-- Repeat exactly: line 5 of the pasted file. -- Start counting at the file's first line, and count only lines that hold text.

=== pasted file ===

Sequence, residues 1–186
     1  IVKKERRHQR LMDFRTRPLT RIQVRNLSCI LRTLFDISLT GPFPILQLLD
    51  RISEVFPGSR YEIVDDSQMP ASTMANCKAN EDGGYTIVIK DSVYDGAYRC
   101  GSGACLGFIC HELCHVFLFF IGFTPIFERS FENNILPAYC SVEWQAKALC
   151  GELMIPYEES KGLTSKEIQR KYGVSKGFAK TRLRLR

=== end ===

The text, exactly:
   151  GELMIPYEES KGLTSKEIQR KYGVSKGFAK TRLRLR